Old Man’s War by John Scalzi
I have read very little science fiction (Douglas Adams and Star Wars novelizations don’t count). I’ve read none of Robert Heinlein, who is mentioned in almost every review of this book, and in the author’s own acknowledgements. So I might be missing out on a lot of context, homage, invention, deconstruction and/or re-invention here.
Humanity has begun colonizing planets outside our solar system, but the technology to do so is kept under tight control by the Colonial Defense Force. Anyone at the age of 75 can enlist in the CDF, where he’ll be restored to fighting condition and given a chance at a second life, in return for a few years of service in a war that no one on Earth knows anything about.
Clear, straightforward writing throughout; the book reads less like hard science fiction and more like a series of well-written blog posts from the future. Various “hard” science fiction concepts are introduced and quickly given a rational, plausible explanation. Good pacing, where the next key moment is always just over the horizon, and you want to keep reading past the chapter breaks.
The book reads less like science fiction and more like a series of blog posts. The “and then that happened” style and the quick explanations of concepts do keep the book straightforward, but also rob it of any real suspense or sense of wonder. Has frequent passages of Michael Crichton-esque exposition, where a squad of people from each relevant school of expertise happens to be on-hand to give a short speech explaining the next topic. Frequently feels like fan fiction, where the author hasn’t created characters so much as inserted himself and people he knows into the book; anyone with any real distinguishable personality becomes a “villain” of sorts, and is quickly dealt with.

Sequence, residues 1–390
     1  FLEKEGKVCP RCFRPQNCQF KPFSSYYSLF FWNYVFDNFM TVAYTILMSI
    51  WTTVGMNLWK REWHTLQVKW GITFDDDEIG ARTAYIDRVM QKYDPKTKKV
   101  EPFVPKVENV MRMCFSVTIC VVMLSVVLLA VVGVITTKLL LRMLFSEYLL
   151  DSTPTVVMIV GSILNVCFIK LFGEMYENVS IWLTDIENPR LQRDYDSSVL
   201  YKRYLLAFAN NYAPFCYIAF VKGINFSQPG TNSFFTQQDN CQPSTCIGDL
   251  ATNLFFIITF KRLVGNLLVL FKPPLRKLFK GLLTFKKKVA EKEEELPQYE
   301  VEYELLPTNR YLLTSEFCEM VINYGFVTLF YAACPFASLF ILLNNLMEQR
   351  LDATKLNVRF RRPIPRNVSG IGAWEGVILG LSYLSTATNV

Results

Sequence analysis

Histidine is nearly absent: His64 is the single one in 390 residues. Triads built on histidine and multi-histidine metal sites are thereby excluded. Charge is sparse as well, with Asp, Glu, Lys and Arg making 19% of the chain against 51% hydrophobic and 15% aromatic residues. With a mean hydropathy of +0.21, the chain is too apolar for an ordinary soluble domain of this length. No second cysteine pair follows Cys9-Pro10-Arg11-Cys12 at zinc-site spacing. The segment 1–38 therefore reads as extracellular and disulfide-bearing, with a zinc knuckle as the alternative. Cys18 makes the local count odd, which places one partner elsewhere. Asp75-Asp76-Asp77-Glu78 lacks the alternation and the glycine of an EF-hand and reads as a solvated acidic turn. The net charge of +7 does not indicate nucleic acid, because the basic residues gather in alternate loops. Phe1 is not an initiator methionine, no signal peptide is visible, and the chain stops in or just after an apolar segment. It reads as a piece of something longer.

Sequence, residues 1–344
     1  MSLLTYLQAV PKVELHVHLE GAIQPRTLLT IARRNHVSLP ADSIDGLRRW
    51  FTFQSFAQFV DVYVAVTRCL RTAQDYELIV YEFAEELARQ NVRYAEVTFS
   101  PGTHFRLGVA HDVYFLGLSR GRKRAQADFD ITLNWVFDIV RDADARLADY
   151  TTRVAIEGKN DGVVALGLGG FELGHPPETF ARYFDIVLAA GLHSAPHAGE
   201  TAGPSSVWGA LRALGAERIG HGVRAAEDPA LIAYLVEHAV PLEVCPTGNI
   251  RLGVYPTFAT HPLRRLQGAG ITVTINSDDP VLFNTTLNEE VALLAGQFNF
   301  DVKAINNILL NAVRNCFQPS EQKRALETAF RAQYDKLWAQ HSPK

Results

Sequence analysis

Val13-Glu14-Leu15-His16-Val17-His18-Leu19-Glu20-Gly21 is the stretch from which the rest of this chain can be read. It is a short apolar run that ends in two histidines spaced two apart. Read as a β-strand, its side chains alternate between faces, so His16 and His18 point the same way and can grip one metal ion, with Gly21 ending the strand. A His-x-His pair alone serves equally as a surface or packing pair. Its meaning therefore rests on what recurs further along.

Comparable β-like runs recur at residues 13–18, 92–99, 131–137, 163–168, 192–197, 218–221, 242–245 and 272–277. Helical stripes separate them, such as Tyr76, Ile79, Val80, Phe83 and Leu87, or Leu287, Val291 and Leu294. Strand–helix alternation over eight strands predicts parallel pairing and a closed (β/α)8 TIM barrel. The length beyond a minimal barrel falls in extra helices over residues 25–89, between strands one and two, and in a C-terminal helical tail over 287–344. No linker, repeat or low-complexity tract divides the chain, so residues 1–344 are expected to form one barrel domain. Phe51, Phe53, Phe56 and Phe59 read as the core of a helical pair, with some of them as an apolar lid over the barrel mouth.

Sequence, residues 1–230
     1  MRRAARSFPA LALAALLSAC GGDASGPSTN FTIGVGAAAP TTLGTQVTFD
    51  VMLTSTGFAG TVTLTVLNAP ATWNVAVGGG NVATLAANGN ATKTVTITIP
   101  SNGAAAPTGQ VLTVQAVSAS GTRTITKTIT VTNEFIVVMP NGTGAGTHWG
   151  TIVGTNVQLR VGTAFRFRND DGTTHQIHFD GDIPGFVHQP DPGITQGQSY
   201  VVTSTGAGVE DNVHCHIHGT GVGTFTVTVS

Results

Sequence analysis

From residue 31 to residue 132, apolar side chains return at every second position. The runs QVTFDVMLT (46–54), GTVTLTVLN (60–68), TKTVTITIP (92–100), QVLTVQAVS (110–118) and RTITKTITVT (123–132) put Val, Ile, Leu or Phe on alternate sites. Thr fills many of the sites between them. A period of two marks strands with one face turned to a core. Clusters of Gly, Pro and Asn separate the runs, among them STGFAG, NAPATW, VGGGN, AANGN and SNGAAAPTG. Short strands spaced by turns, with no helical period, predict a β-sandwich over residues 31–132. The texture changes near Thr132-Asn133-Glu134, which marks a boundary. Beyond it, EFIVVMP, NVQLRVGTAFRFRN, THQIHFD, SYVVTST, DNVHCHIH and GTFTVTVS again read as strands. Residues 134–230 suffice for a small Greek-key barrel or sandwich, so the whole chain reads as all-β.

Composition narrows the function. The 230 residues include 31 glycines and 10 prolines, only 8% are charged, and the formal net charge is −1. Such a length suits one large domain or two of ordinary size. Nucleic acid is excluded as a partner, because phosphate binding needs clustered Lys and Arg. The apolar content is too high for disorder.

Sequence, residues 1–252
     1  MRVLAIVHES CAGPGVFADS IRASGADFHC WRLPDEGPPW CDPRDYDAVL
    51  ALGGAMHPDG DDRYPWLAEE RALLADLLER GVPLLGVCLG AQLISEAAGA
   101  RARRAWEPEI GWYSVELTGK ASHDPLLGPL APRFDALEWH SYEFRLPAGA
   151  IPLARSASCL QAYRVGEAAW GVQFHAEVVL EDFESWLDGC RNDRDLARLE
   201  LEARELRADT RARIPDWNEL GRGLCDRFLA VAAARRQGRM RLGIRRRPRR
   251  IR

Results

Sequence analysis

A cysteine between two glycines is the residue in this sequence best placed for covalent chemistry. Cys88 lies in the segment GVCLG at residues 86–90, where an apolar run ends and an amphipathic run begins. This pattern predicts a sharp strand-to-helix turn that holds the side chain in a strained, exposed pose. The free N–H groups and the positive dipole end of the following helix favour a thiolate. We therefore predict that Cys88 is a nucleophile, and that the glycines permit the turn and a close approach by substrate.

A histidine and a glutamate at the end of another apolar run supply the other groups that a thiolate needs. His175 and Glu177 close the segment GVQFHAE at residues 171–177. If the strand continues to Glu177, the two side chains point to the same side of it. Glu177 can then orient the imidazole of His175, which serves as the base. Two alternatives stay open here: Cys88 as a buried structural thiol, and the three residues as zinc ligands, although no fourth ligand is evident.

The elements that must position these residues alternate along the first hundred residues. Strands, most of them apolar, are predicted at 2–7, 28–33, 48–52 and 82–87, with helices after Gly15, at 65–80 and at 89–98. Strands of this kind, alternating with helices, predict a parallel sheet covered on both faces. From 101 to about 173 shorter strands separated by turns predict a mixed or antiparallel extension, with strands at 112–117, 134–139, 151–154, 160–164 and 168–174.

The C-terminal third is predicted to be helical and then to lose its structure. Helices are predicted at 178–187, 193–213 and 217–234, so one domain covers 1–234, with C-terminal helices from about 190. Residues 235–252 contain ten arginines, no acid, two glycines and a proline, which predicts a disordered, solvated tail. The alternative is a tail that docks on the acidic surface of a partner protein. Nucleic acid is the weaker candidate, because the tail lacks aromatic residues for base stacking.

Does exactly what (I imagine) it sets out to do: tell a military science fiction story that’s rational, plausible, personal, relatable, and above all, readable. It’s opinionated without being overbearing, light without being silly, intelligent without being tedious, and understandable without being too condescending. Unfortunately, it’s also engaging without being fascinating. I can imagine it’d be welcome to science fiction fans who’ve been overrun with fantastic space operas and ponderous analyses of theoretical physics, and want something in the middle. I’m not a big fan of the genre, and I was ultimately underwhelmed by this book, but I can still see myself giving the other two books in the series a try.